Characters / Doctor Who Companions And Supporting Cast

The Companions (general)

"The Doctor likes traveling with an entourage. Sometimes they're human, sometimes they're aliens and sometimes they're tin dogs."
Sarah Jane Smith, "School Reunion"

The term "companion" refers to a character who travels with, or shares the adventures of the Doctor. In most Doctor Who stories, the primary companion acts as an Audience Surrogate, providing the lens through which the viewer is introduced to the series. The companion character often furthers the story by asking questions and getting into trouble, or by helping, rescuing, or challenging the Doctor.

This designation is applied to a character by the show's producers and appears in the BBC's promotional material and off-screen terminology. Until the modern revival of the series in 2005, the term was rarely used on-screen; the Doctor tends to refer to the show's other leads as his "friends" or "assistants."
  • Action Survivor: Bare minimum, just surviving at least one adventure with the Doctor promotes them to this.
  • Anyone Can Die: Sometimes, companions aren't lucky enough to live through some adventures. Sometimes it's a Heroic Sacrifice, other times it's simply being in the wrong place in the wrong time.
  • Audience Surrogate: Companions are designed in part so that viewers could relate to her depending on their age; when conceiving the series' first companions; Susan Foreman, Barbara Wright and Ian Chesterton, Susan, a teenager, was designed with younger viewers in mind, while Barbara and Ian, who were adults and Susan's schoolteachers, were targeted towards adults. Even the occasional alien or otherwise non-human companions tend to ask questions the audience would ask and say things the audience would say.
  • Badass Normal: The companions that don't have the benefit of alien powers when helping the Doctor fight evil aliens.
  • Badass Unintentional: Most companions are relatively normal until the Doctor walks into their lives. Through their adventures, though, they're given the chance to regularly thwart the horrors of the universe and save lives and planets.
  • Damsel in Distress: It isn't as if the Doctor or bystanders are immune, but the perils they tend to face means that companions get this right, left, and center, regardless of their gender.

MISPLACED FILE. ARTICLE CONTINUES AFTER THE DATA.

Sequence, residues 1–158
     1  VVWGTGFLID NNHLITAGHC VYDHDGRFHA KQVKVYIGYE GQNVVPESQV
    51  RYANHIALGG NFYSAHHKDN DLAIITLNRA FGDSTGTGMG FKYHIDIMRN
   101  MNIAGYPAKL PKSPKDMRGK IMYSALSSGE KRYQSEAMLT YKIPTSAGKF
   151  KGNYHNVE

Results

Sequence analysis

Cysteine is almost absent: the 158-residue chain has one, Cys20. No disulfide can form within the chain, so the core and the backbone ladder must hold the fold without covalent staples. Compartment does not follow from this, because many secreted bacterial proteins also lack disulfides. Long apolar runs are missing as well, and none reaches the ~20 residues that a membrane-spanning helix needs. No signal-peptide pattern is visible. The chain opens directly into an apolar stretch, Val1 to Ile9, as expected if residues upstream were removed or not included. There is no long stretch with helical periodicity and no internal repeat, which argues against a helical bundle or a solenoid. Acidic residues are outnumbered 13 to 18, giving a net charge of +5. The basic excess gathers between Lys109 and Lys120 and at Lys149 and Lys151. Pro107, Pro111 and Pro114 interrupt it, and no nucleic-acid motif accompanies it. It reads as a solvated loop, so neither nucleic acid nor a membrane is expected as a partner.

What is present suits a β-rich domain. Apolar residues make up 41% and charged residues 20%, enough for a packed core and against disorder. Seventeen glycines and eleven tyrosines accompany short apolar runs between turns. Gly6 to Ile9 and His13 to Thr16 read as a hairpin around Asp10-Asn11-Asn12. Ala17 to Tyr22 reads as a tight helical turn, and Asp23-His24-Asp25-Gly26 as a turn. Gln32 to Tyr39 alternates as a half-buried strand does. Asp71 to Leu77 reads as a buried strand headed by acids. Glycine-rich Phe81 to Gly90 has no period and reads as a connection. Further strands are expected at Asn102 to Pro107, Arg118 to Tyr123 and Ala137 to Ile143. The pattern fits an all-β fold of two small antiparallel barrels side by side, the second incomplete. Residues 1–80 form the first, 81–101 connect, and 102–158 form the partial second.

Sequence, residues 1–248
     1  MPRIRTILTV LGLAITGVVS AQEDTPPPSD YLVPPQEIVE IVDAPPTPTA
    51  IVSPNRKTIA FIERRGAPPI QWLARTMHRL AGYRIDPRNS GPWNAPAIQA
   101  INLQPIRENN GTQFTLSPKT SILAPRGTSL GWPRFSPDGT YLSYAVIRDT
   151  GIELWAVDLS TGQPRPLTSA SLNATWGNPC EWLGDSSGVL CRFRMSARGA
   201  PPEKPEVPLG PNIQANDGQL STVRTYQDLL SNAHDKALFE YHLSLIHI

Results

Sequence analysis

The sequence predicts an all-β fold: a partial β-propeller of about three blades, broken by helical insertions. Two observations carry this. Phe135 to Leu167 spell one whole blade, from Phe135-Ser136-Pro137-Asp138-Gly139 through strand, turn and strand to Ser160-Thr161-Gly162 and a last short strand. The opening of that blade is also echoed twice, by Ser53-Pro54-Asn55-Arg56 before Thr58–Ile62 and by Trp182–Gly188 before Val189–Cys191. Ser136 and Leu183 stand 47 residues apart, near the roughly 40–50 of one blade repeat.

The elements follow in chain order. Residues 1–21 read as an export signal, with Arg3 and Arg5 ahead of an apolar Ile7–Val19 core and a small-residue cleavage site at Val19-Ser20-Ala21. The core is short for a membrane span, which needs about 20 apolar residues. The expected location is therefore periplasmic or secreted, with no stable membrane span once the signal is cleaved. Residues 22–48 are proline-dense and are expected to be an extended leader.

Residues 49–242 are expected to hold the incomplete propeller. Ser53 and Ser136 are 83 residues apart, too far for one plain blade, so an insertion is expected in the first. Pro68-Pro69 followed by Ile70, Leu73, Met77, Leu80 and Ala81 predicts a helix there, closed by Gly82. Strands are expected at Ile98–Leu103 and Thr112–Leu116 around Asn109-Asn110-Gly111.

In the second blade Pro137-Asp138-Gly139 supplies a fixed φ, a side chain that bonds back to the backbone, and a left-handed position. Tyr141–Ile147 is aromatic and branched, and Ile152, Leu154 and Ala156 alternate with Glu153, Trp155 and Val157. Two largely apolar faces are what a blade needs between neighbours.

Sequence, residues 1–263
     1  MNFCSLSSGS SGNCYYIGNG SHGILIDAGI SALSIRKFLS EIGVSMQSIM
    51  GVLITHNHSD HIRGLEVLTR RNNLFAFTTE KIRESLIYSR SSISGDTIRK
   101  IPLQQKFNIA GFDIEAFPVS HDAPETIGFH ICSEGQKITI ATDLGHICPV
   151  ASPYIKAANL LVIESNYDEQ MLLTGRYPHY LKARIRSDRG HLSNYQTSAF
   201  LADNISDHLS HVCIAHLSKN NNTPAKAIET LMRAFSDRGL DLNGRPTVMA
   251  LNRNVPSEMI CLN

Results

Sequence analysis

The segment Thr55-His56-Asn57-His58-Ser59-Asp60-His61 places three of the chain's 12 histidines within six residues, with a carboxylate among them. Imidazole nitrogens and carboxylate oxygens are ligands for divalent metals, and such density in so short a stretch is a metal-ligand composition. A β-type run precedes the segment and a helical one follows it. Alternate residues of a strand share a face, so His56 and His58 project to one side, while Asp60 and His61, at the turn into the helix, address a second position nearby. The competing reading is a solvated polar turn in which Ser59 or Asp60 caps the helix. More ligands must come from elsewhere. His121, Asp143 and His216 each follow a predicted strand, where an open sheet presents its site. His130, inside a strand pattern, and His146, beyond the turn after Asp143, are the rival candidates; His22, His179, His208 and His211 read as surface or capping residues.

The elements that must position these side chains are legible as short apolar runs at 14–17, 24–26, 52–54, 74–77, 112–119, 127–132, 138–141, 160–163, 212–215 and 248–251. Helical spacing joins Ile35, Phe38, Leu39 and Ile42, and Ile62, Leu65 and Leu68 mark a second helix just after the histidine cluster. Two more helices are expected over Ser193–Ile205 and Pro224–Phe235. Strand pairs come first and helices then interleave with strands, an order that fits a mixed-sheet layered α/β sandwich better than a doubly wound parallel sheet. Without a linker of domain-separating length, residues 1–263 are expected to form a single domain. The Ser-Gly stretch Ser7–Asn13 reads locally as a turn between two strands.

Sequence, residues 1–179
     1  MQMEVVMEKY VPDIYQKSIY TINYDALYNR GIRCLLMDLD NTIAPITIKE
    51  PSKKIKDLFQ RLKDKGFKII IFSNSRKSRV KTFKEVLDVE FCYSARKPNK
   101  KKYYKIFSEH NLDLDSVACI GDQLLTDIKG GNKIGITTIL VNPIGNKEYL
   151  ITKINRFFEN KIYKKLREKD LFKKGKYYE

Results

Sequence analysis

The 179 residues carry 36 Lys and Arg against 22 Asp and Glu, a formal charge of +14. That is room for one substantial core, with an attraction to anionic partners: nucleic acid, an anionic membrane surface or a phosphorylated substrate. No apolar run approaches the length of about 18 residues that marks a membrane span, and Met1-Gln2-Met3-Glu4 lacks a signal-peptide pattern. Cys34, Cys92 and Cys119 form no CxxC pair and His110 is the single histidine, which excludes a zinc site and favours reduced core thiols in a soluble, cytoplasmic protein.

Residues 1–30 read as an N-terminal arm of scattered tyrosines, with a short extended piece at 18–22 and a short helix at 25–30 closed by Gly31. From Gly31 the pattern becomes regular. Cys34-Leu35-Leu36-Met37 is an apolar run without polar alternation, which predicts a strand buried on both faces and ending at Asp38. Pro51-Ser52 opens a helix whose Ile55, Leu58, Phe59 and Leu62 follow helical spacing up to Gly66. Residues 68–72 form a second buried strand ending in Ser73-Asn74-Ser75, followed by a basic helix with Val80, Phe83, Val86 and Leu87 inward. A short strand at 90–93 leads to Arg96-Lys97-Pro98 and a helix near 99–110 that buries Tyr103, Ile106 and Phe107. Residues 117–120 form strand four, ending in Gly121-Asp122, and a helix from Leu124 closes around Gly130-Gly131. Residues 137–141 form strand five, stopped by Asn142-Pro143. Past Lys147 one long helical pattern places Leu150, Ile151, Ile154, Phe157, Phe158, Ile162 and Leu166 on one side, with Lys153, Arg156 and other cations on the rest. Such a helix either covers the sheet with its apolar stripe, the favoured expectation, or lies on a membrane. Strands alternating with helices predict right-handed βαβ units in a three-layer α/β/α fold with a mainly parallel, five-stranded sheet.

• Deuteragonist: They share the stories with the Doctor. They're all sidekicks but according to some writers, they're the protagonist.
  • Distressed Dude: It isn't as if the Doctor or bystanders are immune, but the perils they tend to face means that companions get this right, left, and center, regardless of their gender.
  • Fantastically Indifferent: Along with Unfazed Everyman. They have to get used to weirdness to keep up with the Doctor, but it's occasionally shown that this can be unsettling to bystanders.
  • Fish out of Temporal Water: Regardless of whether they're from the present, the past, the future or another planet.
  • Human Outside, Alien Inside: Travelling with the Doctor through the Time Vortex alters his companions on a genetic level - the results include Ripple Effect-Proof Memory.
  • Jumped at the Call: Particularly in the revival, where the Doctor seems to pick companions based on willingness to enter danger.
  • Let's Get Dangerous!: Most companions have moments where they step up and save the day.
  • Living Emotional Crutch: For the Doctor, especially in the revival. They keep him sane.
  • Morality Chain: They also keep him from doing something he'll regret.
  • Only Child Syndrome: All the more obvious when families started getting more screentime in the revival. Martha is one of the very few exceptions (Jack only acquired a long-lost sibling on his spinoff).
  • Plucky Girl: Most female companions either start out as this (like Clara and Dodo) or later develop into this (like Rose and Donna).
  • Sarcastic Devotee: The vast majority of companions will often joke at the Doctor's expense.
  • Unfazed Everyman: Most of them become this after one or two adventures.
  • The Watson: Barring some rare examples, such as Romana and River (who are on an equal level with the Doctor), one of the duties of a companion is to ask the Doctor "what's going on?"
  • What the Hell, Hero?: Most companions will call the Doctor out on some of his more unsavory aspects.

Alternative Title(s): Doctor Who Companions

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